Going forward, natural gas production could be coming to Vermont in a big way. Last year, the Vernon Planning Commission held a public meeting verifying they’ve been in contact with a developer about building a $750 million gas plant in town. That facility would link up to a not-yet-approved Kinder Morgan gas pipeline planned for southern New England.

Hallquist said increased natural gas output is necessary because renewables can’t fill the gap left by Vermont Yankee’s exit.

“The contribution from solar and wind wouldn’t be significant enough to make up for the generation of Vermont Yankee,” Hallquist said. “In fact, there’s no way. … You would have to build like 1,800 megawatts of wind.”

According to Hallquist, wind and solar have “low capacity factors” because they are dependent on the weather. The capacity factor is the average power generated divided by its peak capacity.

If a 10-megawatt solar array averages output at 1.5 megawatts, its capacity factor is 15 percent. The capacity factor for wind is 30 percent. By comparison, gas and nuclear energy sources have a capacity factors of around 80 percent.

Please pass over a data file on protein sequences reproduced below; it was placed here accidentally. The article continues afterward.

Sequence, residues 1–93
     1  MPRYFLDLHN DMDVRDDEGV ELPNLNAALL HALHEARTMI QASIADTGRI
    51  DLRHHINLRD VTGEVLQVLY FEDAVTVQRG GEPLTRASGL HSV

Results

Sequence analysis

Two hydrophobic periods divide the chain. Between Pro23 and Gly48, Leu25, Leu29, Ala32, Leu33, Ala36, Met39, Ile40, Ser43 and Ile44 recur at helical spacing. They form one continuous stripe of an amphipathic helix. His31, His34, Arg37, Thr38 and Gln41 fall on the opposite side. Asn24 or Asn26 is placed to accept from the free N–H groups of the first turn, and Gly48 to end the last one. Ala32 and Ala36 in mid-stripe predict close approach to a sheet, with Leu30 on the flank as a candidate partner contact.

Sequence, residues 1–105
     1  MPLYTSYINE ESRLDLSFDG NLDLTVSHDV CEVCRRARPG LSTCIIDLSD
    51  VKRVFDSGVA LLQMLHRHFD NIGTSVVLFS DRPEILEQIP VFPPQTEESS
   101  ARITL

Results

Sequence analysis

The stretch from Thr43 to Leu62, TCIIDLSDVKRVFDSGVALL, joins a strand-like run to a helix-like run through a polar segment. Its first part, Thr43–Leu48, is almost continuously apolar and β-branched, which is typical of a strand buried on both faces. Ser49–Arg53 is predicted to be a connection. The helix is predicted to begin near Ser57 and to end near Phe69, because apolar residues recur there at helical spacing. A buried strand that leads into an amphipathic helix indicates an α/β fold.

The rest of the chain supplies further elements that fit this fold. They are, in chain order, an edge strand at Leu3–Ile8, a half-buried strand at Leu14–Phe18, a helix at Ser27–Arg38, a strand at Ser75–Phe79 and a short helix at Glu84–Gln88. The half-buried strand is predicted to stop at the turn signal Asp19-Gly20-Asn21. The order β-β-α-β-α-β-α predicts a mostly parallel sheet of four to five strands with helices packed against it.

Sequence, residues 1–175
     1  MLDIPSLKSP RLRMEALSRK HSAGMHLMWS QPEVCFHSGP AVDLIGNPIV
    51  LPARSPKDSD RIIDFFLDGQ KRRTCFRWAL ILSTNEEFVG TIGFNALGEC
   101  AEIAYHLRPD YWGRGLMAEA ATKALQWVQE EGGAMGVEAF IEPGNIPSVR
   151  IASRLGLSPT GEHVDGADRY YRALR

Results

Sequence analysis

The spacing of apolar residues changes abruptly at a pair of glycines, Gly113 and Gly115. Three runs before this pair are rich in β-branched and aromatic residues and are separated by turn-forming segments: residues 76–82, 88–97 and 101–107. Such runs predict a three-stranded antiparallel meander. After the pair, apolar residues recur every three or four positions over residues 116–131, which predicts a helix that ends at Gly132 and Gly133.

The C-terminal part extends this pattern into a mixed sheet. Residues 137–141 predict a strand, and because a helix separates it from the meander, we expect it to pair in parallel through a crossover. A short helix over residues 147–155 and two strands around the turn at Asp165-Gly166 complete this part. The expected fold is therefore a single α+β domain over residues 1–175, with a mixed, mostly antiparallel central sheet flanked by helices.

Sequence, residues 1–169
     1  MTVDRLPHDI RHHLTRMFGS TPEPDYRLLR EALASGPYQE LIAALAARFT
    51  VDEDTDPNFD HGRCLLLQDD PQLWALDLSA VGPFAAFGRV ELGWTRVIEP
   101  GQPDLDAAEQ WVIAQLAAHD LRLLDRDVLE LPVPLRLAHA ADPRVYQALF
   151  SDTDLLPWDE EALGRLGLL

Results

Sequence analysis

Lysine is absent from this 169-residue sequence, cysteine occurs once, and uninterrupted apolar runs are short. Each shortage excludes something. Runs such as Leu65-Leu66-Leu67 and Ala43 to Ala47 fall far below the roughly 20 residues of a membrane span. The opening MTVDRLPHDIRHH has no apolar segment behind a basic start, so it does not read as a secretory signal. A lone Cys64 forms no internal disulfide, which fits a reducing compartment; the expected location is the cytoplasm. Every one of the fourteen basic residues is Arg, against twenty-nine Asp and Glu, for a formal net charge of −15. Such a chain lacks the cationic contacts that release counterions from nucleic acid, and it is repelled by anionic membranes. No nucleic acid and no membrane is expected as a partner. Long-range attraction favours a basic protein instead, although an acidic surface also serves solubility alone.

Opposition to Vermont Yankee gained momentum in 2010, when Gov. Peter Shumlin, then Senate president pro tempore, led an effort to prevent the Public Service Board from ruling on Vermont Yankee’s application to continue operation. While plant owner Louisiana-based Entergy already had federal approval to continue operation, the company decided to close Yankee, in part due to hostile political winds.

Hardwick Electric Manager Mike Sullivan said he remembers Shumlin saying Vermont could close Yankee because the state didn’t need the power.